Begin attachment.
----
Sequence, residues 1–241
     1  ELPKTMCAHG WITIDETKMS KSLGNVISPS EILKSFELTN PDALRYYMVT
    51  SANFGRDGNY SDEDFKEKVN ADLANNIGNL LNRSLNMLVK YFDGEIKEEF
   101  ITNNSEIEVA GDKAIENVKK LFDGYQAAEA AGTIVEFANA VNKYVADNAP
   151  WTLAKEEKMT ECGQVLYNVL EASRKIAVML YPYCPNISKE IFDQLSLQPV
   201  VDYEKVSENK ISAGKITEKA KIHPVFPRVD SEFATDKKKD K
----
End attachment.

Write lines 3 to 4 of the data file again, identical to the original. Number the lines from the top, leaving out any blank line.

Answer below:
    51  SANFGRDGNY SDEDFKEKVN ADLANNIGNL LNRSLNMLVK YFDGEIKEEF
   101  ITNNSEIEVA GDKAIENVKK LFDGYQAAEA AGTIVEFANA VNKYVADNAP